Phenolic makes much of the fact that Smith constructed his cable out of three parts, i.e., the two crescent shaped strips and the wrapping, whereas Krueger's patent shows a single tube of dielectric material with the wires imbedded in the walls. This distinction is without substance. When exhibits of the prior art cables were made, the Smith cable was produced by an extrusion method using polyethylene resin as a dielectric. The resulting product was practically identical with Krueger except that the side walls of Smith were slightly thicker. Expert testimony at the trial in the lower court established without contradiction that the modern means of producing Smith's cable would be by this extrusion method. And, as we have indicated, Krueger is a product patent, not a process patent. One witness, Hurvitz, testified:
'Anyone knows that you use polyethylene today, and I do not understand anyone has contradicted that position here and anyone knows that you make tubular cable or almost any cable, in fact, by extrusion process today. You do not make it by building up the parts and wrapping them with gutta percha tape. You use an extrusion process. Now, if you used an extrusion process, then you would extrude a tube of polyethylene with the wires embedded in the wall. That is all Smith shows.'
It is well settled that the substitution of a modern material for other material does not amount to invention. United States Appliance Corp. v. Beauty Shop Supply Co., 9 Cir., 121 F.2d 149; Martin v. Wyeth, Inc., 4 Cir., 193 F.2d 58. See, also, Doughnut Machine Corp. v. Joe-Lowe Corp., 4 Cir., 67 F.2d 135. Merely by making Smith by modern processes, the Krueger cable is very nearly achieved. Krueger simply changed the proportions of the finished product and this alone is not invention.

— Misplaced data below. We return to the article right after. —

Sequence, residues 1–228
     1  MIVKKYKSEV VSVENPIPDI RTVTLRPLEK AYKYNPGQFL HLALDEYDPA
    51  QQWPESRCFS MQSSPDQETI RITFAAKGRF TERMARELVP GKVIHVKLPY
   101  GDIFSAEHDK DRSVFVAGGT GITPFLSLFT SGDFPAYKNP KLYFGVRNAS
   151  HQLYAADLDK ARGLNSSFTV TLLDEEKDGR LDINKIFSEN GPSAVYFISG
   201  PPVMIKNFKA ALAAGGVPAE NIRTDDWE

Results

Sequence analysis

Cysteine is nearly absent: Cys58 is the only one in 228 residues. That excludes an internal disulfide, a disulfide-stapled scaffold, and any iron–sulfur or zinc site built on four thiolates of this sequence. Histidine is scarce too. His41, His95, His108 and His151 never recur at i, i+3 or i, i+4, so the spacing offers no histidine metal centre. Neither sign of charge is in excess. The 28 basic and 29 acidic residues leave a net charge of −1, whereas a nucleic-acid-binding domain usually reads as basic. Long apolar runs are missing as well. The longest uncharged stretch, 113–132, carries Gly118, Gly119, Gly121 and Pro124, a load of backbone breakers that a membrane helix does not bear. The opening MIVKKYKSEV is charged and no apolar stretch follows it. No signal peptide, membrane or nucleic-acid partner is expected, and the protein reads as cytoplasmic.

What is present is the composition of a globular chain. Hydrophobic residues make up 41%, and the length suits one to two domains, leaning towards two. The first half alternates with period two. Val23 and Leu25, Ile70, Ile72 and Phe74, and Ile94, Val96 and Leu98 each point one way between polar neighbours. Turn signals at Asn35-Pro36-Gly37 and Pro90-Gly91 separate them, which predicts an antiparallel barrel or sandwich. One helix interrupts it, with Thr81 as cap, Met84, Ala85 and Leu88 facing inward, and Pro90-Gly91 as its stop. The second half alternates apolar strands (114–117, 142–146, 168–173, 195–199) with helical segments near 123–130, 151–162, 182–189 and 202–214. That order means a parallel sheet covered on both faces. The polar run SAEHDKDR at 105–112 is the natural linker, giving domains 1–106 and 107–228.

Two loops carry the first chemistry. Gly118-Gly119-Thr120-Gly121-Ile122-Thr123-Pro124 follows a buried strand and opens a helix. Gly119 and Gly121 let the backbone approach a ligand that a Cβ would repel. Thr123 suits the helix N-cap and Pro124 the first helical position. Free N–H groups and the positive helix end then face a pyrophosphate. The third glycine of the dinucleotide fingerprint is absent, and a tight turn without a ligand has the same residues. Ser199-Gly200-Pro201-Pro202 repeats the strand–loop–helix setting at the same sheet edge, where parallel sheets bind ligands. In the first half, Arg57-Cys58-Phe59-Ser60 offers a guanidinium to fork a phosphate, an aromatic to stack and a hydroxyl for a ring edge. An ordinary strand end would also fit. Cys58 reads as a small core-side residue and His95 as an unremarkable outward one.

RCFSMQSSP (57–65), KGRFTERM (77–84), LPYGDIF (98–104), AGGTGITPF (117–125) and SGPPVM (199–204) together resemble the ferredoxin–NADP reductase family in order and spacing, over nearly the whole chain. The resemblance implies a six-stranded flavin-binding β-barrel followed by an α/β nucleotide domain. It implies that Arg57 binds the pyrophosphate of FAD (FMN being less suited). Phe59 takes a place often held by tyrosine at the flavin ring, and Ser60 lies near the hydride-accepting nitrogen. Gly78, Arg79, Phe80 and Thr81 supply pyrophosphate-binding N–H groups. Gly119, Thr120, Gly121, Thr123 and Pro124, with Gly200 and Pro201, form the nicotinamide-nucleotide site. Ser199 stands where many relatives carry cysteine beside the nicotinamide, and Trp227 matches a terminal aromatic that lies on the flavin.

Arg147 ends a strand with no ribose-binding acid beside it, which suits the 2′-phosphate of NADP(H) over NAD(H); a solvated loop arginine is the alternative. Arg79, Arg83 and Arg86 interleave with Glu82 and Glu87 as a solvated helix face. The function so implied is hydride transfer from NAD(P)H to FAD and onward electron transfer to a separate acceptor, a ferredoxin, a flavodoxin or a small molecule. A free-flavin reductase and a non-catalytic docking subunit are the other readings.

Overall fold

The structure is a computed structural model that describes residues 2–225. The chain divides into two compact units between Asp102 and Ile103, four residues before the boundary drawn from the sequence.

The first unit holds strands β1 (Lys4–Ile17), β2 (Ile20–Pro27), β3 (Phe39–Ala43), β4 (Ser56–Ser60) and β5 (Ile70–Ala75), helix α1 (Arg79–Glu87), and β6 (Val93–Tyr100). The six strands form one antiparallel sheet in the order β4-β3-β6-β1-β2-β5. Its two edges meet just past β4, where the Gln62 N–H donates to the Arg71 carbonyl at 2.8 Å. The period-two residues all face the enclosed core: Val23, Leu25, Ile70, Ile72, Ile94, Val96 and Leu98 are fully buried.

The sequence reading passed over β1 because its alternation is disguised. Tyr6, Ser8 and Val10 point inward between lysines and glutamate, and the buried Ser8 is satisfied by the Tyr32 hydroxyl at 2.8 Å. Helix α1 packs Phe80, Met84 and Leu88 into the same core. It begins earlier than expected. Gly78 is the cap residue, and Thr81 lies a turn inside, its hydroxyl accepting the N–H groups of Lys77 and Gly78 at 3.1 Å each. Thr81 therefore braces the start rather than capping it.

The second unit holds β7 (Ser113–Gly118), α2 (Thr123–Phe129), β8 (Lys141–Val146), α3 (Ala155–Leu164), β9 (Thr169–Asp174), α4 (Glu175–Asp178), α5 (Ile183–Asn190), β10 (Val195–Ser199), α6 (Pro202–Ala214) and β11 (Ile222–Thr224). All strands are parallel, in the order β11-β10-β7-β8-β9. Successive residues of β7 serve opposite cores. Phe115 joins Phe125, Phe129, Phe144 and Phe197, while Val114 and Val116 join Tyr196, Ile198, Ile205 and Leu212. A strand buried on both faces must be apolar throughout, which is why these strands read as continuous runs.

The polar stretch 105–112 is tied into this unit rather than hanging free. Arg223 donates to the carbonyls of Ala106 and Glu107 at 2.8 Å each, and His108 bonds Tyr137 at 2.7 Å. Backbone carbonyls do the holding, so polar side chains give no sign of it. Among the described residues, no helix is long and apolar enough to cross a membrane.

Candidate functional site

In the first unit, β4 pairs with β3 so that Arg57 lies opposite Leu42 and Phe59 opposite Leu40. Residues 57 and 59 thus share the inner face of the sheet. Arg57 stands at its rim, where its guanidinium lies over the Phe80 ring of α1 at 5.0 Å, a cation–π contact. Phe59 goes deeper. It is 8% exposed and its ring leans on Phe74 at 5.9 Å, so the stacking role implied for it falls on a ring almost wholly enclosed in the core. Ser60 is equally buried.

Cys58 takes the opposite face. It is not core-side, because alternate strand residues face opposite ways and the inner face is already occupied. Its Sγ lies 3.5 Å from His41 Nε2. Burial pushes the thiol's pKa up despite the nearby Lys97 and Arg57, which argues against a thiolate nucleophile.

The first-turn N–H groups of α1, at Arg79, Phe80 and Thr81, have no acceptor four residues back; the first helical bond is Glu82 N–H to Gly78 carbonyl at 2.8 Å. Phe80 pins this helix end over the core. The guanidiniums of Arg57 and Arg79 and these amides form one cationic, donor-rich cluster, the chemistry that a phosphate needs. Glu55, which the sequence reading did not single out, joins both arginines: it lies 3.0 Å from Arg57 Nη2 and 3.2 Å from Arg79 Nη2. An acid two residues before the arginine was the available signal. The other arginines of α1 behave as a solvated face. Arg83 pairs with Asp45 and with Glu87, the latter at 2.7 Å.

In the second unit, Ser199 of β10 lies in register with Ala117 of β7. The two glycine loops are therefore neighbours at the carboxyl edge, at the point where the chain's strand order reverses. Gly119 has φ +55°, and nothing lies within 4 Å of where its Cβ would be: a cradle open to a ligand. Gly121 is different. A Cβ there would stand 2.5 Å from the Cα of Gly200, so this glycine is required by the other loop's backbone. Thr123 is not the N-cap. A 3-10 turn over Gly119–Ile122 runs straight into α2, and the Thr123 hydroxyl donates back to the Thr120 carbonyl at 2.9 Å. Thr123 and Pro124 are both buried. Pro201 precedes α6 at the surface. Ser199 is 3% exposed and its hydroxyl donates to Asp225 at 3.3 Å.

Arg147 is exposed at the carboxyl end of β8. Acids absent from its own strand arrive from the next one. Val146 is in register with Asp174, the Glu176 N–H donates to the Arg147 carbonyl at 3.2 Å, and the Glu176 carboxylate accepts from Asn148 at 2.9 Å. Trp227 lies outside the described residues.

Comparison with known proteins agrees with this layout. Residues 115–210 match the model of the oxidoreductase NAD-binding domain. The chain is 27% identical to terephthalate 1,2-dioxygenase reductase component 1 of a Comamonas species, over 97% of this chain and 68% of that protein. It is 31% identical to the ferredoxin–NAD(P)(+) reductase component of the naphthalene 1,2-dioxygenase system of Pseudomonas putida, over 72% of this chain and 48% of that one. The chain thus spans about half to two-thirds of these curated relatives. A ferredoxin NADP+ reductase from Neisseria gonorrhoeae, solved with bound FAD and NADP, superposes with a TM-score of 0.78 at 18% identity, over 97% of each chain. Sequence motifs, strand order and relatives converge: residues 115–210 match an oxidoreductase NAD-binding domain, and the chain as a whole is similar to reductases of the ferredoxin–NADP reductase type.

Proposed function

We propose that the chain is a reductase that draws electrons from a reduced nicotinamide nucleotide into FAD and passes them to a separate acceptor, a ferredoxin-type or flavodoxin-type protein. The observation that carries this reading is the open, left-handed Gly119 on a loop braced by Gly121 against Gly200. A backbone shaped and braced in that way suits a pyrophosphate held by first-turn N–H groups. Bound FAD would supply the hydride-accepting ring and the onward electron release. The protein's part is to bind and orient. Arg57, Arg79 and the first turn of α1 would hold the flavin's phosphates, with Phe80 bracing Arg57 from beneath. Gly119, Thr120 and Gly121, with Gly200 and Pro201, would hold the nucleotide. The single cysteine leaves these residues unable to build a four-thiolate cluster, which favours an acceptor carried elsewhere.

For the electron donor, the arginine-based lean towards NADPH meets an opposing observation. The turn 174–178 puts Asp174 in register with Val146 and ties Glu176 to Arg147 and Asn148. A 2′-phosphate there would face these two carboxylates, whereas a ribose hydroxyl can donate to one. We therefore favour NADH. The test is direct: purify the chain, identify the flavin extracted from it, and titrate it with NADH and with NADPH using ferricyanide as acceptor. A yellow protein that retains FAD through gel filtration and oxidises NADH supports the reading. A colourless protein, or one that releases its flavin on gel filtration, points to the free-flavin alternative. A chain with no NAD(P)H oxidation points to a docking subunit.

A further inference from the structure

Other prior patents cited by Plastoid as anticipating Krueger are Waring, No. 290,375; Marsh, No. 466,250; Holman, No. 469,248; Henley, British, No. 397,263; Affel, No. 1,996,196. An inspection of these patents clearly reveals that they embody and teach much that is claimed to be original in Krueger.
Speaking for our Court in Interstate Rubber Products Corporation v. Radiator Specialty Co., 4 Cir., 214 F.2d 546, 548, Circuit Judge Soper said:
'Patentability * * * does not come into being merely because the device is novel and represents an interesting and useful improvement * * * and the judges may not endow with the quality of invention every new and useful advance amidst the myriad activities of a resourceful people.'
In Youngs Rubber Corporation v. Allied Latex Corp., 2 Cir., 188 F.2d 945, 948, Circuit Judge Clark stated:
'It will thus be seen that the patentees took one of the oldest of electrical conceptions and adapted it rather ingeniously to a particular need of this business. Undoubtedly, this would have been held invention in times past, but now the climate of opinion has changed to require definite novelty in idea, and not merely new adaptions of an old idea.'
From the opinion of Circuit Judge Martin, in O'Leary v. Liggett Drug Co., 6 Cir., 150 F.2d 656, 661, we quote:
'Perfection of workmanship, though greatly increasing convenience, extending use, or diminishing expense, is not patentable.'
See, also, Great Atlantic & Pacific Tea Co. v. Supermarket Equipment Corporation, 340 U.S. 147, 71 S.Ct. 127, 95 L.Ed. 162; Robinson v. Digaetano, 5 Cir., 212 F.2d 1, 3; Westinghouse Electric Corporation v. Bulldog Electric Products Co., 4 Cir., 206 F.2d 574; Kay Patents Corporation v. Martin Supply Co., 4 Cir., 202 F.2d 47; Vapor Blast Manufacturing Co. v. Pangborn, 4 Cir., 186 F.2d 230, 236.
We find no patentable invention in the so-called 'Krueger concept.' Essentially, Krueger does not materially go beyond an aggregation, with slight improvements, of:
(1) An air space directly between two wires on opposite sides of a hollow tube, as taught by Smith, Holman and Marsh;
(2) the thin walls in relation to tube diameter as taught by Marsh, Holman, Smith and Affel;
(3) the flexibility, lightness and cheapness of the prior art cable;
(4) the use of the conventional extrusion method;
(5) the use of polyethylene, a standard dielectric material used in the industry long prior to Krueger, but not in existence in Smith's day.
The judgment of the District Court is reversed and the case is remanded to that court with directions to dismiss Phenolic's civil action.